All this bears mentioning because the Catholic Church in America is in the throes of a rebirth. Weekly communion is starting to rise. Religious vocations are rising. New religious orders are rising. Vibrant Catholic youth ministries are popping up on campuses all over. Catholic radio has exploded from 14 stations in 1988 to over 120 stations in 2008, with more on the way. The last decade has seen the foundation of five new Catholic universities, as well as a rediscovery among long-established universities of their own religious heritage. The Catholic blogosphere is exploding.
I should note that this phenomenon is almost solely an orthodox phenomenon. Liberal Christianity, on the whole, is dying; whole congregations of Anglican/Episcopalians are converting to Catholicism, while those from other traditional congregations — Lutherans and Presbyterians — are drifting to either Catholicism or fundamentalism. Liberal Catholics, like Gary Wills, simply can’t pull converts or get people excited about the Church precisely because they themselves are frustrated by the Church’s refusal to ordain women, marry gay couples and sanction abortion on demand.
In the last two elections, the Catholic vote has shifted to the right, eroding support for liberal Democratic candidates in Florida and New York, in the latter of which only the secularist vote managed to keep the state in Kerry’s column in 2004. Ohio, which has a high Catholic population that cuts across both the blue-collar and academic votes, went for Bush despite frantic (and somewhat ludicrous) attempts to give Kerry blue-collar appeal.
While it’s true that part of Kerry’s election woes were due to a lack of charisma, it’s also true that Catholics are less willing to give other Catholics a pass on abortion. The leaders of the revival, such as apologist Karl Keating and his organization Catholic Answers, has gotten better at getting the word out about the moral obligation to vote and the non-negotiability of certain issues such as abortion. Even more, they’ve gotten better about educating the young about why those issues are non-negotiable, going a lot further than just saying, “The Church is against it.”
This force, in turn, is creating a bloc of college-age Catholics who won’t automatically or eventually collapse under campus pressure to adopt the cant of “tolerance”, a bloc that is more self-supporting and supported from off-campus than twenty years ago. This growing bloc, in its own turn, is bound to act as a magnet for like-minded non-Catholics who would otherwise be adrift in a secularist academic culture still hopelessly chained to the “Woodstock liberalism” of Abby Hoffman and Gloria Steinem.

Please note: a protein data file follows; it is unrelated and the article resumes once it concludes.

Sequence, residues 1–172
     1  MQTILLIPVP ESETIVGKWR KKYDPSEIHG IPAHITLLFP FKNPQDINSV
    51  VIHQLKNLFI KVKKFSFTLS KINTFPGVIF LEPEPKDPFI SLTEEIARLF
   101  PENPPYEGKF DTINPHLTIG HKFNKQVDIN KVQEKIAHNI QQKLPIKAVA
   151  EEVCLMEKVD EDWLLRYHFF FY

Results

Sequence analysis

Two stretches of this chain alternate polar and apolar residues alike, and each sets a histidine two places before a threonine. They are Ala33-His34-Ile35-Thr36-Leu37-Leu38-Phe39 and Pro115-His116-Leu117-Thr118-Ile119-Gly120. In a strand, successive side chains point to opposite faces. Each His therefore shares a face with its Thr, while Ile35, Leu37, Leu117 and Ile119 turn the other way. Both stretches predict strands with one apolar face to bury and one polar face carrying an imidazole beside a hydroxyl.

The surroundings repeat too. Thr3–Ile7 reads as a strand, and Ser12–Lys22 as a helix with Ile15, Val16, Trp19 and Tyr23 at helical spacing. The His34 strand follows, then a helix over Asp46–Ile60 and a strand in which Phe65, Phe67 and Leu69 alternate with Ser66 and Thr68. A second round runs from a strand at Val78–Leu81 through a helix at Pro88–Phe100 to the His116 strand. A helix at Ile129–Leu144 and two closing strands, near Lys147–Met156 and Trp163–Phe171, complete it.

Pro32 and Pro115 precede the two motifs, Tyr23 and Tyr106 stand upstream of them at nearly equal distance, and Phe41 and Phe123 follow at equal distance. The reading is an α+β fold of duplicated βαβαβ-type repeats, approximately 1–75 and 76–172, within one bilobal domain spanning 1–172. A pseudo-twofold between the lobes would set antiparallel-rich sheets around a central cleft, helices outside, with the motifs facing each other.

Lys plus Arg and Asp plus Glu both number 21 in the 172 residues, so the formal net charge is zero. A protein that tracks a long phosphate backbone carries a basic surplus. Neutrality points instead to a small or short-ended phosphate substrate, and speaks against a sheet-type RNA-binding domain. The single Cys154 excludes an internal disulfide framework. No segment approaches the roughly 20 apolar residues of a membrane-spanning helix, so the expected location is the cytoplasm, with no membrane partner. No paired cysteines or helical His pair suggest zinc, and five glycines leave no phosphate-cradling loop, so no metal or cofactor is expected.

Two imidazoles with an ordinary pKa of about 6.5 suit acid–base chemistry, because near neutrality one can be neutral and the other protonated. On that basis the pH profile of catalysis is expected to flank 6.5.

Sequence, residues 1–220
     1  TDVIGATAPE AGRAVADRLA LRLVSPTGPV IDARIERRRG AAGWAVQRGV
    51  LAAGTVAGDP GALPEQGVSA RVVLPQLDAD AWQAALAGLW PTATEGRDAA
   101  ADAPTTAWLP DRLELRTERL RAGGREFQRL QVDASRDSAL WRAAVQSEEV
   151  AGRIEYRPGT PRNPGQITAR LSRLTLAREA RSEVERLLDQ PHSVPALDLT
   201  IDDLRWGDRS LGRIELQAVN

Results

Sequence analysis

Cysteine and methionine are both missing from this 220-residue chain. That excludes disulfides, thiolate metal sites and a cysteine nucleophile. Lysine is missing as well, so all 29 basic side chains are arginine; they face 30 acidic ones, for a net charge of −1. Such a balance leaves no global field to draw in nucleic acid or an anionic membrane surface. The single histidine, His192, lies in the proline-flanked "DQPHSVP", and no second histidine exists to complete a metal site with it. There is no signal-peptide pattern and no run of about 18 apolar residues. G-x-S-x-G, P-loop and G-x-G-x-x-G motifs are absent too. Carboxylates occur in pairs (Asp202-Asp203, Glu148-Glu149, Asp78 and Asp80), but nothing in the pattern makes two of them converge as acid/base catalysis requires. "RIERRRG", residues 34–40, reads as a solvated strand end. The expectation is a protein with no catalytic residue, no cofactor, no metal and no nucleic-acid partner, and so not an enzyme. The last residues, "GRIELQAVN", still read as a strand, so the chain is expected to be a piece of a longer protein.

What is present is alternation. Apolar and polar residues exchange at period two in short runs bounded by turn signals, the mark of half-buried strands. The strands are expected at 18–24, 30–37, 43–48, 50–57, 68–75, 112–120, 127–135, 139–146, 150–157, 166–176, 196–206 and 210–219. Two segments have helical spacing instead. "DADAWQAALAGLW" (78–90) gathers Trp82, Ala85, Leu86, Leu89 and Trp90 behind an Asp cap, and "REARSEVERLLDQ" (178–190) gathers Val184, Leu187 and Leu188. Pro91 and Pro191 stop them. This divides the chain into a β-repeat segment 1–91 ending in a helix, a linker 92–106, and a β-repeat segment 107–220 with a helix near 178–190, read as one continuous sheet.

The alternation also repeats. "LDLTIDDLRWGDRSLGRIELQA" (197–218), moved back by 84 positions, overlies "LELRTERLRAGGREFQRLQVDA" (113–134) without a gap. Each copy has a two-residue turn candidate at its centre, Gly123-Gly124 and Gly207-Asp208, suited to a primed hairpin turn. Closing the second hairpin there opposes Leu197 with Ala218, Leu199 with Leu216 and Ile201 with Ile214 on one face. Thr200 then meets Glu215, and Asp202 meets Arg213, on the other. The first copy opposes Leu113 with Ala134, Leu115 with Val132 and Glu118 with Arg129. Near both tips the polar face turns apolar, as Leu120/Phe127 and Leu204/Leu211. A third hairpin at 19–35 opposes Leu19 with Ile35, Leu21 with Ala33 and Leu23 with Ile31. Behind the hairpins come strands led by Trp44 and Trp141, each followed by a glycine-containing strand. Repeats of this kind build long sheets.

In other words, the young Catholics of the “new evangelization” are the seeds of a counter-cultural movement both analogous to and different from the counter-culture of the Sixties; in a way, it can be described as a corrective. They are more intellectually disciplined and emotionally secure than their counterparts of forty years ago; they aren’t seeking something to believe in but a field in which to pour their energies. They’re unabashedly American and unashamedly Catholic, and they see no contradiction or confusion between the two.
Put into the position of being a crucial vote, they’re likely to be spoilers for Obama rather than the pole by which he vaults into 1600 Pennsylvania. By nominating Biden, Obama has all but guaranteed such a role. Catholics will simply no longer vote pro-choice Catholics into office, een if they’re willing to vote for pro-choice non-Catholics. Obama didn’t learn from Kerry’s mistakes.
The Democrats are counting on a post-convention bump to regain Obama’s lead. But last time, the bump never manifested. Obama’s 1-point lead means, with the usual margin of error, that defeat is all too possible despite the astonishing success of his grass-roots campaign in the primaries. And with the final defeat of Sen. Hillary Clinton, the last best hope of the “Woodstock liberals” has selected a weapon as dangerous to himself as to McCain.
Oh, well … the dream of the first African-American president was nice while it lasted.